When can I say "enough is enough" and take my mom to a care center?

I am her only caregiver, and I love her to death. But, I also have to work full time, and having someone come in and stay with her all day is not in the budget. My sister lives in my mom's house, many states away. The house should be condemned due to the hoarding that my sister has. Mom lives with me, and is unable to do anything but watch tv all day. She doesn't want to move off the couch, walk, bathe, anything! She is very grumpy and goes and pouts in her room if she doesn't like what I am saying. She only want's to go to "the Parks". (we live in Florida)

Mom came to live with me before her dementia got bad. We used to go to the parks once a week. She could drive her little scooter, and we had a great time. I am also disabled, so we were both in our scooters. What a pair of silly girls! We had so much fun. Now she is unable to drive her scooter, and I am unable to push her in a wheelchair.

I think in a care center she would truly have more of a life. I recently spent a few weeks myself in a rehab for surgery, and met quite a few people that mom would have fun with. The activities would be great.

The biggest part of my problem is that my sister can't afford to live in an apartment due to her low income. I can't kick her out of Mom's house and mom can't live there.

I am about at the end of my rope. What should I do?? I feel selfish saying I want to have a life of my own, yet, I do. I was a single mom, and now I am a single caregiver. When is it ok to say it's time for my life to start?

Please don't yell at me, I feel like a selfish jerk, but I also don't want to live anymore if this is how my life is going to be.


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You have to do what is best for yourself and your Mother. You sound like a wonderful, loving daughter and there is no reason to feel like a jerk. Be happy you were able to take care of Mother as long as you did. A little rest for a week or two might be nice; but then how long would it take for you to be right back where you are now? You know you are making the right decision.

Wish you all the best!
Helpful Answer (3)

I like JessieBelle's suggestion of getting some respite. It may help for you to have a break, at least for a while.

But dementia generally does progress to a point where the person should not be left alone. The fact that you work full time out of the house and that Mother's dementia has progressed suggests to me that it is time for a change, for her sake as well as for yours.

How I started the process of getting help with my husband's dementia was to call the county Social Services. They sent someone out to do a needs assessment. The worker had suggestions for community volunteer programs for a little respite each week and also suggested that I apply for Medicaid for him, so we'd be ready when he did need to go to a long term care facility. If you have such a worker come out, be sure answers are accurate. Don't let your mother get by with claiming "Oh yes, I can do that myself" when you know she cannot.

And, by the way, I don't think you should ever give up on your mother. You should never abandon her. But it may be time for the next level of care, provided outside of your home. Visit her often. Advocate for her. Make sure she is getting good care. Send her cards. Bring her treats. You can continue to love her and care about her even if you are not doing the day-to-day hands-on care.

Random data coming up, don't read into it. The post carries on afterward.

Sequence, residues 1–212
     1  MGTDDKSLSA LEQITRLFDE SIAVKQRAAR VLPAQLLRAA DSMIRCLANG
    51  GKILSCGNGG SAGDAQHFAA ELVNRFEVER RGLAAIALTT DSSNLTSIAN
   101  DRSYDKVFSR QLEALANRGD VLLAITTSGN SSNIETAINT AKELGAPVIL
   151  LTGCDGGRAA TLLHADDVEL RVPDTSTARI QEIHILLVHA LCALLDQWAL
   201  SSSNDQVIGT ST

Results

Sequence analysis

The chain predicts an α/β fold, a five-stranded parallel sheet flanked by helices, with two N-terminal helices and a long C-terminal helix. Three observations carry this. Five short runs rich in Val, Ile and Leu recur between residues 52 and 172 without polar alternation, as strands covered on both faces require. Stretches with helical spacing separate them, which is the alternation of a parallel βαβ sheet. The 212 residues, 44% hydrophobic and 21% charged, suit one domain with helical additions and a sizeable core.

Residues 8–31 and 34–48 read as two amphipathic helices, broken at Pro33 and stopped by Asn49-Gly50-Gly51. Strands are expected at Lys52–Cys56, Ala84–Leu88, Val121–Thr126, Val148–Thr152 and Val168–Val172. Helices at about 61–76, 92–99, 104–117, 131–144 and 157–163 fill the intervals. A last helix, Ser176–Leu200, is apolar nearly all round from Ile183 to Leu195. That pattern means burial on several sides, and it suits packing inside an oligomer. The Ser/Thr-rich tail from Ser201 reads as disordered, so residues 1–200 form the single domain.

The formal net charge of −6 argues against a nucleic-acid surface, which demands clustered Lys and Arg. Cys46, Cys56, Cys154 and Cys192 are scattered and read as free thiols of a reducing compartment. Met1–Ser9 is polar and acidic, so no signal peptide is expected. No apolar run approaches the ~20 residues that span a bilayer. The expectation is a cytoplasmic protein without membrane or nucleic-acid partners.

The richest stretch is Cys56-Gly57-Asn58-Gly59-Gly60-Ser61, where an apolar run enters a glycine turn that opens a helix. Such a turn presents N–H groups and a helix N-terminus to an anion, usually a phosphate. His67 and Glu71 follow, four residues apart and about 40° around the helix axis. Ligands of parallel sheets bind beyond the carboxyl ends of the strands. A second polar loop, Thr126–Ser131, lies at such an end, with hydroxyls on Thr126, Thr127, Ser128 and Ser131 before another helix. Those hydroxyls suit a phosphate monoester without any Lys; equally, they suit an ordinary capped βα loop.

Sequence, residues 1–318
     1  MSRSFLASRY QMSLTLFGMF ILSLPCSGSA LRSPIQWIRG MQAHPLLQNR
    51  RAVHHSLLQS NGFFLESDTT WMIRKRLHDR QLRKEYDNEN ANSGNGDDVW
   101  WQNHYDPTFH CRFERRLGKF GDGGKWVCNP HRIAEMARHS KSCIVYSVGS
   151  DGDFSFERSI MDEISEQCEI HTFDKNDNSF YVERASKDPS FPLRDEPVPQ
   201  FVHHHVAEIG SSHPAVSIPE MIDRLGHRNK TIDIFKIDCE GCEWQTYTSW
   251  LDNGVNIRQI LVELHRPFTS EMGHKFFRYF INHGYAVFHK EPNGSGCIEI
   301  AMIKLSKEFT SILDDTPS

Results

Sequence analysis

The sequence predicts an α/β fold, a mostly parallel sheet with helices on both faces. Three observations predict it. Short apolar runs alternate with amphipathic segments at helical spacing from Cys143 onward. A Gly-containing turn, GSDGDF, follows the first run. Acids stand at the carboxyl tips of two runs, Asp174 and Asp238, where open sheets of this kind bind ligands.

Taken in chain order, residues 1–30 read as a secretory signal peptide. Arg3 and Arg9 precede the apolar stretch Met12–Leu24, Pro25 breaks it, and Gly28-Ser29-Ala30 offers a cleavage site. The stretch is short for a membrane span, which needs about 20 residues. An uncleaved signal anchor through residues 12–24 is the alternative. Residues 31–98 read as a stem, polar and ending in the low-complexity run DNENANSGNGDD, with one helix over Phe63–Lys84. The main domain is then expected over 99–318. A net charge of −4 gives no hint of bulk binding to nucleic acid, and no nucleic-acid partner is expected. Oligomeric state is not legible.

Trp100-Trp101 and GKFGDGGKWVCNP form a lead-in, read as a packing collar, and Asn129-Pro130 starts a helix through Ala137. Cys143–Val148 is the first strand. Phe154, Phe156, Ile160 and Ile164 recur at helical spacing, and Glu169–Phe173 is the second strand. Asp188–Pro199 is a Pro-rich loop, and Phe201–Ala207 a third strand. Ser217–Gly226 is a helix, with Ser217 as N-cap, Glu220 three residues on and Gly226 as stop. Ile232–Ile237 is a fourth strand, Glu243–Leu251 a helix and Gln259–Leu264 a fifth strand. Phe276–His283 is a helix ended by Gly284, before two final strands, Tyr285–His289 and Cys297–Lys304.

Helpful Answer (3)

You are not a selfish jerk and we would never yell at you. You have just come to a point where caring for your mother in the home may no longer be the best option. Does she have enough money to pay for assisted living or a skilled nursing facility? If she doesn't, you can look into getting a Medicaid application started. Many nursing facilities will accept Medicaid if she needs it.

One thing I wondered is if you are just burning out and need a break. I wondered if you could place your mother in a facility for a couple of weeks so you could have some relief from worrying about her. There may be an agency around that will help you so you can have some respite. I hope someone will have advice on the best way to find these agencies. I don't have any experience with it. Or maybe your sister could come to stay for a couple of weeks?? It may be that you feel differently if you are rested.

There are a lot of options to choose from. I hope you find the right one for you and your mother.
Helpful Answer (4)

Now it is ok to say it's time for your life to start.

How wonderful that you were able to give your Mom quality time, riding scooters in the parks and enjoying each other. It is Not Your Fault that her dementia has progressed. It is Not Your Fault that your sister has low income and is a hoarder. Time to move on with your own life and at the same time doing what is best for mother.

If you are worried about selling the house, Mom can be on Medicaid and still own a house. The state can recover funds when the house sells after her death, but I believe there are provisions to exempt that if it results in a severe hardship (in this case, for your sister). In any case, don't let worry about the house prevent you from doing what is best for Mom and for you. While she was a little healthier, living with you may have been best, but things have changed.

You are not a selfish jerk. You are a loving daughter and sister. It is OK to be loving toward yourself, too.
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